The Gaelic League (Conradh na Gaeilge) was founded in 1893 to preserve the Gaelic language as Ireland’s national language, especially as a spoken language, and to publish and study Irish language and literature. It was intended to be non-political and non-sectarian, open to all Irish men and women interested in keeping Irish cultural traditions. Most of its members, however, were nationalists, including many of the signatories of the 1916 Proclamation, and it was through the League that many republicans who took part in the 1916 Rising met. Padraig Pearse edited the League’s first newspaper, Michael O’Rahilly’s (known as The O’Rahilly) An Claidheamh Soluis (The Sword of Light).The League was a powerful force of the Irish cultural revival. Eoin MacNeill’s(1867-1945) push for the League to support the Irish Volunteers in 1915 led to Douglas Hyde’s resignation as president. When Ireland gained independence in 1922, the influence of the Gaelic League waned as the State took on the role of promoting Irish culture.
Gaelic scholar Douglas Hyde (1860-1949) served as the longtime president of the Gaelic League from 1893-1915 and as the first president of Ireland from 1938-1945. His pen name was An Craoibhín Aoibhinn (“The Pleasant Little Branch”). In 1901, the Irish Literary Theatre produced Hyde’s Casadh an tSugain (“The Twisting of the Rope”), its first play in Gaelic.
Dánta éagramhla agus Béarla curtha ortha. Printed for the President of Ireland by Colm O Lochlainn at the Sign of the Three Candles, Dublin, 1943.
Hyde was president of Ireland in 1943. This copy bears Eamon de Valera’s (president of Ireland from 1959 to 1973) ownership signature.
Writer and journalist Pádraic Ó Conaire (1882-1928) published mainly in Gaelic. Considered the first significant fictional response to the events of the 1916 Rising, this collection of short stories set around the Easter Rising is not strictly romantic nationalist rhetoric. Through stories about very different people and the effects the Rising had on them, Ó Conaire addresses the popular shift in attitude toward Sinn Féin that led to the party’s overwhelming victory in 1918. Ó Conaire moved through the same circles as many of the revolutionaries, such as Eamonn de Valera and Michael Collins, including the Irish Volunteers and the Gaelic League.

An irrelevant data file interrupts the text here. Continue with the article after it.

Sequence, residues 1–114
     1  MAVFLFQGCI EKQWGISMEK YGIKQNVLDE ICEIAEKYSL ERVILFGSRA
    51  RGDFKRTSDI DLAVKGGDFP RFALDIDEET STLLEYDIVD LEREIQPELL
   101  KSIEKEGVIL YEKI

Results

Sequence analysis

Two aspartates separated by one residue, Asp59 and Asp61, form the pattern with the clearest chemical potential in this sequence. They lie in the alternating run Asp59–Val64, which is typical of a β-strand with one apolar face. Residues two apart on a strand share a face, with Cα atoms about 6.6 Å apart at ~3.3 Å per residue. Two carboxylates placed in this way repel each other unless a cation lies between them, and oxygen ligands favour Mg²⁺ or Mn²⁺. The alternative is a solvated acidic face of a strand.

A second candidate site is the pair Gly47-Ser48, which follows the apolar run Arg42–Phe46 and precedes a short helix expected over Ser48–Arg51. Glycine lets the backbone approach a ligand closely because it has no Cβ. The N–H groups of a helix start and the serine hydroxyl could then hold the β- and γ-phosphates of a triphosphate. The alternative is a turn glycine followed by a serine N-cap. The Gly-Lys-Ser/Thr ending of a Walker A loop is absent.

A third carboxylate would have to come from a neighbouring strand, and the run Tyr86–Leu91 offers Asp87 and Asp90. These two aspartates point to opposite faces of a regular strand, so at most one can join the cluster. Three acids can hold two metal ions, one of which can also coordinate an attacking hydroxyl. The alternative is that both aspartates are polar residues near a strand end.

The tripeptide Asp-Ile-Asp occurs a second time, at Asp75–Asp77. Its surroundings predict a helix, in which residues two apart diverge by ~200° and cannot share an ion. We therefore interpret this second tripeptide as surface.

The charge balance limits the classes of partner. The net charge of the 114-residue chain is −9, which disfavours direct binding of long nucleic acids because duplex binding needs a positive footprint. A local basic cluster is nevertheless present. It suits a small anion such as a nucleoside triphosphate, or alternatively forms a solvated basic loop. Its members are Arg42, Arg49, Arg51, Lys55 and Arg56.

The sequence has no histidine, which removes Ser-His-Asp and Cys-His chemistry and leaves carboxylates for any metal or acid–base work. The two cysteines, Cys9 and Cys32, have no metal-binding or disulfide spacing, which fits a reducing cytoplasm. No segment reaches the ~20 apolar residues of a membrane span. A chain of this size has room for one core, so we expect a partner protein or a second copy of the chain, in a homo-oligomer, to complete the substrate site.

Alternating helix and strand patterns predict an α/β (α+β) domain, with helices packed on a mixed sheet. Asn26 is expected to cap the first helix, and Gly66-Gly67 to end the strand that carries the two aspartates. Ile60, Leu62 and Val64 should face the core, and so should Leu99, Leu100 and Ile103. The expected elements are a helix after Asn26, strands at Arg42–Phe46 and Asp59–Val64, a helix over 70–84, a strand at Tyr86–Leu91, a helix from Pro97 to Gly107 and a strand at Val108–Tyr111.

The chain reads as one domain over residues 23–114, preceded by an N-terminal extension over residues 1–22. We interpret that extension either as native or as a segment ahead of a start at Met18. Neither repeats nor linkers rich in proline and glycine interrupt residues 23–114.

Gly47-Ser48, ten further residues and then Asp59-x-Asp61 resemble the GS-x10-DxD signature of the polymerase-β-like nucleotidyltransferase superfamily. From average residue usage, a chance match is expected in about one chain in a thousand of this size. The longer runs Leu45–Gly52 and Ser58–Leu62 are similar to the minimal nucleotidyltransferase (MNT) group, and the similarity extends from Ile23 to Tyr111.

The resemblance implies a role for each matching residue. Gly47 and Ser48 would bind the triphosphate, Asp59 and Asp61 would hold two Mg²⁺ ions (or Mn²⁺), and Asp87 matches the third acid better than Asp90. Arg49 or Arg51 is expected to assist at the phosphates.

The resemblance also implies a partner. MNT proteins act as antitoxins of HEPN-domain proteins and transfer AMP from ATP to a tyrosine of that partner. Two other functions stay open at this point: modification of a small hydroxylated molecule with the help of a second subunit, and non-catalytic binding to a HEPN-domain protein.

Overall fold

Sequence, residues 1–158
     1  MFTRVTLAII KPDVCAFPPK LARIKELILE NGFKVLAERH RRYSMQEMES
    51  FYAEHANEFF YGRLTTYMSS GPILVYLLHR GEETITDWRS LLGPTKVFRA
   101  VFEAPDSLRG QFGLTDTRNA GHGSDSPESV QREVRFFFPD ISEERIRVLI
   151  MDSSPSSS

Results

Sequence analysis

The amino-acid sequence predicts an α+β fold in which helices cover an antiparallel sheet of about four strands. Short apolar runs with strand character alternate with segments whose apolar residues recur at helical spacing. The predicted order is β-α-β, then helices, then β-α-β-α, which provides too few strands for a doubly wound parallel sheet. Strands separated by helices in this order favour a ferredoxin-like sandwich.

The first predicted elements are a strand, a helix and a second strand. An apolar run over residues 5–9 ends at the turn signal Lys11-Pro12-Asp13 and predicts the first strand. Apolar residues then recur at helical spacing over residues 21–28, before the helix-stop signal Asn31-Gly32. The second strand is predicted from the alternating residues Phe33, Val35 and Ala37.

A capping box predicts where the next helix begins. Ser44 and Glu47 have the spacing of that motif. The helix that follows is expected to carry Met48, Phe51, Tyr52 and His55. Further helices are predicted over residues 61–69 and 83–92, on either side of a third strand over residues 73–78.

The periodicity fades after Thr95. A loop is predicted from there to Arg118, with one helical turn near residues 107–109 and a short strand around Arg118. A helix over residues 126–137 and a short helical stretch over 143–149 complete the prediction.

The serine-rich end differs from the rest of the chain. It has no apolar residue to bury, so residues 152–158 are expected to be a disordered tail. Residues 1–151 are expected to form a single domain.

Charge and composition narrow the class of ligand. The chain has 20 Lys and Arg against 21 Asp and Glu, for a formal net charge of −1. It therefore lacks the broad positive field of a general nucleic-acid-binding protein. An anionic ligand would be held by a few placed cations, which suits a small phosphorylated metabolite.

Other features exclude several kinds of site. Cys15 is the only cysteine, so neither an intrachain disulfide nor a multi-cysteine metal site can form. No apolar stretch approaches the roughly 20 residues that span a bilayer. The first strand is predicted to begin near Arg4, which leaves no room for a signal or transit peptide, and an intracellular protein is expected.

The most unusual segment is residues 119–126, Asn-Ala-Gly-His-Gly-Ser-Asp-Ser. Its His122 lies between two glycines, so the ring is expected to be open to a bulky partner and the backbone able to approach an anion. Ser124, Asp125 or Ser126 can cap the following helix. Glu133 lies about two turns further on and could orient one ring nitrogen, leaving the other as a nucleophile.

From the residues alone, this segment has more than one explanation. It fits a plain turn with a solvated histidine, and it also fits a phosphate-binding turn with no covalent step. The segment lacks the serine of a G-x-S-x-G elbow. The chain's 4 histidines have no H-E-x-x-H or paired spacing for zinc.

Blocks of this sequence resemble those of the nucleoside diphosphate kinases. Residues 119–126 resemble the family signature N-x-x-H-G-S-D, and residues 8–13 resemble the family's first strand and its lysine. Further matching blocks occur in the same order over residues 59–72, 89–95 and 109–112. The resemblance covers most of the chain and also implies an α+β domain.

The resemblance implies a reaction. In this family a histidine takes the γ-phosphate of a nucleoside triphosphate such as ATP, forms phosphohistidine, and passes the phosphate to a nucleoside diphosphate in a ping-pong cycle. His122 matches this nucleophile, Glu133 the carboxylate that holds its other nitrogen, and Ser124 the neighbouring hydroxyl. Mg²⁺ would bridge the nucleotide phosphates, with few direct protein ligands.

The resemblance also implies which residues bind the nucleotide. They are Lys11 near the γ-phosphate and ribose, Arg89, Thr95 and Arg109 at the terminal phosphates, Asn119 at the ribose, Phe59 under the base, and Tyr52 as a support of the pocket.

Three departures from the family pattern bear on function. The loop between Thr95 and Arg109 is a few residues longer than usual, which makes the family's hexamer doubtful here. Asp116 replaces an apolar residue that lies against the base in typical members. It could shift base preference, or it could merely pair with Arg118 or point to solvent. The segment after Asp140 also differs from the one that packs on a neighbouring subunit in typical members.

Corkery, Daniel. What’s this about the Gaelic League? [Ath Cliath]: Chonnradh na Gaedhilge, 1941.
Professor Daniel Corkery (1878-1964) is best known for his controversial Hidden Ireland (1924), a revisionist account of eighteenth-century Gaelic culture in Munster. He was a leader of the Irish Ireland movement along with D.P. Moran. By the time the Irish Free State had come into being in 1922, many of the Gaelic League’s members had ceased their activities, instead hoping to pass on educational efforts and the preservation of Gaeltachts (Irish-speaking areas) to the new government. The first governing party, Cumann na nGaedheal, reported that it would work with the League, and study of the Irish language was made compulsory in state-funded schools. But by the 1940s, indifference to the language had spread, and the League’s influence was severely diminished. In this pamphlet, Corkery attempts to sway a new generation to the Gaelic League, which, he believes, still has a place in Ireland.